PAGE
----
Monday, October 20, 2014

NACCS Midwest Focus: Latin@s in the Midwest: Past, Present, and Future in Kansas City

Xánath Caraza

From October 23 – 25, 2014 in Kansas City, the Latina/Latino Studies Program (LLS), University of Missouri-Kansas City (UMKC) will host and organize the NACCS Midwest Focus: Latin@s in the Midwest: Past, Present, and Future. The conference theme-Latin@s in the Midwest: Past, Present, and Future–recognizes the rich historical and growing presence of Latin@s in this region. Our goal is to promote awareness and further develop knowledge and analysis of historic, current, and future developments that impact the Latin@ population.

Keynote Presenters:

Dr. Alberto Pulido: “Everything Comes from the Streets” Documentary on Lowrider Culture

Dr. Rogelio Saenz: “Demographics: Latinos in the Midwest”

Dr. Rusty Barcelo: “Navigating Our Midwest Latina/o Journey in Higher Education: Challenges and Opportunities for the Future”.

Latina/Latino Studies Program at UMKC

The mission of Latina/Latino Studies (LLS), a program based in the College of Arts and Sciences, is to function as a vehicle for interdisciplinary and multidisciplinary teaching, research and outreach focusing on Latinas/os-Chicanas/os in the U. S. The LLS program will provide an awareness and understanding of the wide diversity of Latino communities, cultures and backgrounds. The development and expansion of our curricula will serve to empower our students with the concepts and skills to better understand a rapidly growing Latina/o population. The LLS program will engage students, scholars and the greater Kansas City community in collaborative projects, programs and service learning efforts. These efforts will foster new curricula and advance research and outreach scholarship to create new knowledge to better understand the cultural, economic, and historical experiences and contributions of U. S. Latinas/os-Chicanas/os and their diasporic origins.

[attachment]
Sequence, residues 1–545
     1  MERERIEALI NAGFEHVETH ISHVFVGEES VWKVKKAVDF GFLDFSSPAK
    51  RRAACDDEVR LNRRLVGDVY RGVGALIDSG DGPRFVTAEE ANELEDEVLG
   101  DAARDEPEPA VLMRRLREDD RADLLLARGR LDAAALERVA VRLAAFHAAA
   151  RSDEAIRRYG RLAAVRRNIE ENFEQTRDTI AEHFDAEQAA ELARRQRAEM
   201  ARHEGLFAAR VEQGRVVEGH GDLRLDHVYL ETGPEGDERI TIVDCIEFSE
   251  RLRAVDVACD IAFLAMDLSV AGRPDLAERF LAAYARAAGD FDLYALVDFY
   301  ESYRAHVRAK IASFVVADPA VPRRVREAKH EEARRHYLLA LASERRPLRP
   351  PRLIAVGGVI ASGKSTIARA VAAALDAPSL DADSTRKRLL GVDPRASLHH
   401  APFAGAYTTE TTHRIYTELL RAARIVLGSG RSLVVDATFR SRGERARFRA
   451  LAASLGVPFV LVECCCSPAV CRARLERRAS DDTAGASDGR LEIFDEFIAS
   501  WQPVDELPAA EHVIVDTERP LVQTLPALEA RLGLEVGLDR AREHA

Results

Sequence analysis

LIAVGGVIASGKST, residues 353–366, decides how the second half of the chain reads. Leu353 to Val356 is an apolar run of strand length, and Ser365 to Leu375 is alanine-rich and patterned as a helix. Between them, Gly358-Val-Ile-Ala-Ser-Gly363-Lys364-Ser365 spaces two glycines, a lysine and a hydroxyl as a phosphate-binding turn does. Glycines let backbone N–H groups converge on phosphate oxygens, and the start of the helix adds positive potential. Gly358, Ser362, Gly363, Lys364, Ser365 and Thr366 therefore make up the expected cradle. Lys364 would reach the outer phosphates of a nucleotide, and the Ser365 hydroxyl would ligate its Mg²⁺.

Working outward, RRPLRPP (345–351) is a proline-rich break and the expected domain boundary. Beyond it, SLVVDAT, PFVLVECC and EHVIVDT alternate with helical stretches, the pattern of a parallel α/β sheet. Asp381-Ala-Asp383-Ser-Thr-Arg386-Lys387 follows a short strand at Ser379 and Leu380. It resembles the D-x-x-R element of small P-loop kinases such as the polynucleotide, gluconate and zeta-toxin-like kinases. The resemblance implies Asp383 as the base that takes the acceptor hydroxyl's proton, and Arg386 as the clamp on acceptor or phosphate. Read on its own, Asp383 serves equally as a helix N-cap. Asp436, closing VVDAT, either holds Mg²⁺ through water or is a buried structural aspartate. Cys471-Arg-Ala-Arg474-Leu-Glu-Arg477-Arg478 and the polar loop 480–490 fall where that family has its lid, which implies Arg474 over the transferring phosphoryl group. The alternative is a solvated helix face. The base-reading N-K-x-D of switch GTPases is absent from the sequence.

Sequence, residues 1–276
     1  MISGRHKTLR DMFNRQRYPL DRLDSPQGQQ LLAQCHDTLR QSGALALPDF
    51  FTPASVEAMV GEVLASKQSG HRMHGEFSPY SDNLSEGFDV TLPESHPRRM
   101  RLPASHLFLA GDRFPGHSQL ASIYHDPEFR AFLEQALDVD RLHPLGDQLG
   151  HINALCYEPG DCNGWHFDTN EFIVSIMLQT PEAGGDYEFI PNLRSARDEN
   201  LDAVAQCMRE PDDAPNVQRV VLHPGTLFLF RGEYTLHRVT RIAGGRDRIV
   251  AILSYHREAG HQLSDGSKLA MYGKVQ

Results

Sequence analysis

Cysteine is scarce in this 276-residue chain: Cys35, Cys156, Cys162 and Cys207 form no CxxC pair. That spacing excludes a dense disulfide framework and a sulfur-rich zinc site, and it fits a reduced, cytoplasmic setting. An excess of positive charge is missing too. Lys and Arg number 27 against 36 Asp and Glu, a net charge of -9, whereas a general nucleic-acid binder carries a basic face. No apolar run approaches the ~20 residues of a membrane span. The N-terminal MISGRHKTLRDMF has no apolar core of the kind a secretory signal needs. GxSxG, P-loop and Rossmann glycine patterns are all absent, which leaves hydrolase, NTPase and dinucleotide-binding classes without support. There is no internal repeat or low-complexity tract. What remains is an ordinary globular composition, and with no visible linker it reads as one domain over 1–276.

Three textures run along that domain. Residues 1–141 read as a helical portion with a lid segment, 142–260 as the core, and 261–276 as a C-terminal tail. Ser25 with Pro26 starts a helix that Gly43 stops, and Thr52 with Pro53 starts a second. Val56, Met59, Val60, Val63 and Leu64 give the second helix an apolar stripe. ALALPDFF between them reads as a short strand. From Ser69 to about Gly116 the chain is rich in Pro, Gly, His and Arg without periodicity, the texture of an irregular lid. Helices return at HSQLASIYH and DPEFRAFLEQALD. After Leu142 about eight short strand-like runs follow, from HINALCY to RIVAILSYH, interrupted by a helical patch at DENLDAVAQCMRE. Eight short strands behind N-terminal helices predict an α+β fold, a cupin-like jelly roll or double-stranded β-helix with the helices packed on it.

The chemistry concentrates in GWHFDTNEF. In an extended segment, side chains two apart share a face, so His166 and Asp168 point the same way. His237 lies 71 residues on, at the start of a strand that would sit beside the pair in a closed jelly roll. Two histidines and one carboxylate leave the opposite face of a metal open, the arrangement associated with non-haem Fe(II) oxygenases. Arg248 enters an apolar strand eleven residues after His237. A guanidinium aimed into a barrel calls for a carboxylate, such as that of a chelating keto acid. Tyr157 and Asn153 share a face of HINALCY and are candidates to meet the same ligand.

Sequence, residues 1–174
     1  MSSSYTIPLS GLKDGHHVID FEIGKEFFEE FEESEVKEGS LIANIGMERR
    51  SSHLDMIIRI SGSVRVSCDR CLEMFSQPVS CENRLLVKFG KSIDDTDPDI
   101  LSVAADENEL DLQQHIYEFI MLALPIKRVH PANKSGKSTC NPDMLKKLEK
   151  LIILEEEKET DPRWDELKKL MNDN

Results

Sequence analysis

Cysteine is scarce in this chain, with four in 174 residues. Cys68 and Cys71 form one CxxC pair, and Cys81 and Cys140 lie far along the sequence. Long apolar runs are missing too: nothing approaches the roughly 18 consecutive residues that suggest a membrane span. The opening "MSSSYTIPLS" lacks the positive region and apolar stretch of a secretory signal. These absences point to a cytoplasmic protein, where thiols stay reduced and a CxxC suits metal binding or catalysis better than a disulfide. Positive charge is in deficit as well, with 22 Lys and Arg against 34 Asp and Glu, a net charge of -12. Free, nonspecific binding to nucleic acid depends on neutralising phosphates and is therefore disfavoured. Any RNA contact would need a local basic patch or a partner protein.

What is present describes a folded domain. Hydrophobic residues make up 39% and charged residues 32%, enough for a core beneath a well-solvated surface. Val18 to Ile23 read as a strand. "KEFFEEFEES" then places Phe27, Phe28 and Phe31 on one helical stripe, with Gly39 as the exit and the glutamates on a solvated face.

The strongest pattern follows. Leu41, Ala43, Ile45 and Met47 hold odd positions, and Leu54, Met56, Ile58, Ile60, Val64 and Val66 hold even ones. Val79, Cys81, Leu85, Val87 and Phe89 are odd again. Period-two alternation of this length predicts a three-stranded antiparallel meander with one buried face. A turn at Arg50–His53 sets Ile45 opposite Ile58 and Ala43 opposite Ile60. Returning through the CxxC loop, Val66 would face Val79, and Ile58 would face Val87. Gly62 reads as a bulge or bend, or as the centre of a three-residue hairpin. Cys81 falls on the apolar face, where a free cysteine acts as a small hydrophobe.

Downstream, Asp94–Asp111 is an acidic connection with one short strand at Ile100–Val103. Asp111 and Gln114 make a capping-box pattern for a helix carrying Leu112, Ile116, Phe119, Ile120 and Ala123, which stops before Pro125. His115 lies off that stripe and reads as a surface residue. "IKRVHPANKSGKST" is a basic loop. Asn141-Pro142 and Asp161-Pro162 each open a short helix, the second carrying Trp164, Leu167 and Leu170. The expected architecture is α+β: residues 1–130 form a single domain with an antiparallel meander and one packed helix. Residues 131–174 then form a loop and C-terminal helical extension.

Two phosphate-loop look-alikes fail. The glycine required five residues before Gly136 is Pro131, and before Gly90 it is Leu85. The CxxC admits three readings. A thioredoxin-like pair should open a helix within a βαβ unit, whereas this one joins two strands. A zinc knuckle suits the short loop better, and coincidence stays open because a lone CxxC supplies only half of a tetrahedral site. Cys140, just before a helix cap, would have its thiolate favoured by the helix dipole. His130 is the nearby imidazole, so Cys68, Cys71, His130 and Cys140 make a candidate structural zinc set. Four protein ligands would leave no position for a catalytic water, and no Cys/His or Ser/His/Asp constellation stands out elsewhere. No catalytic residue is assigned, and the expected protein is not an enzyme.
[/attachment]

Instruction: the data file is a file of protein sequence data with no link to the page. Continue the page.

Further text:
5:30-                                      WELCOME

Leo Morton, Chancellor 

Miguel Carranza, Latina/Latino Studies

Theresa Torres, NACCS

Juan Betancourt, ALAS

6:00               Introduction to the Video:  Everything Comes from the Streets

7:00               Question / Answer Session with Alberto Pulido, Director and Co-Producer and Rigo Reyes, Co-Producer

7:30               RECEPTION                                                  SU THEATER FOYER

Low Rider Car Display                                 Administration Bldg Parking Lot – Cherry Street        



10:00-11:30       CONCURRENT SESSIONS

Session 1.1          Moderator:                                                                                                        Room Bloch 211

ROUNDTABLE: Gustavo Carlo, Sarah Killoren Francisco Palermo Katharine Zeiders and Cara Streit

TITLE:  Socializing Agents and Experiences Associated with Latino/a Children and Youth Well-being

Session 1.2  Moderator:  Viviana Grieco                                                                                 Room Bloch #212

ROUNDTABLE: Valerie Mendoza, María Torrez Anderson, Fatima Rodríguez Al-Makhim, Christina


TITLE: Chicana Testimonios: Growing up Chicana in Kansas, Three  Generations of Experience

Session 1.3 Moderator: Morgan                McMichen                                                          Room Bloch 213

ROUNDTABLE:  María Vásquez Boyd, José Faus, Miguel Morales

TITLE: The Latino Writers Collective: Creating and Sustaining a Community of Writers, Advocates, and Educators

Session 1.4 Moderator: Erica Hernandez Scott                                                                    Room SU 302

WORKSHOP: Judy Ancel and Saira Gordillo

TITLE: They Just Cut Our Program’s Budget. Now What Do We Do?

11:30-12:00                 POSTER SESSION                   SU Theater Foyer

Victoria Santiago & Claritsa Santiago

TITLE: ESL Misconceptions: Making a Good Program Even Stronger.

Jessica Rodas

TITLE: An Evaluation of Organizations in Kansas City in Improving the Health of the Latino/Hispanic Community.

Joseph Salazar and Idaima

TITLE: Assessing Obesity of Latino Children in Southwest Kansas via Ventanilla de Salud para Niños

12:00-1:00 LUNCH           

1:00-1:30  POSTER SESSION                                      SU Theater Foyer

1:30-3:00                     CONCURRENT SESSIONS 2

Session 2.1 Moderator: DJ Ferman                                                                                           Room Bloch 211

ROUNDTABLE:  April Bermudez & Matthew García

TITLE: (dis)Placed Ecologies, (dis)Placed Communities: Social Art Practice and the Homeland

Session 2.2 Moderator: Jessica Rodas                                                                                     Room Bloch 212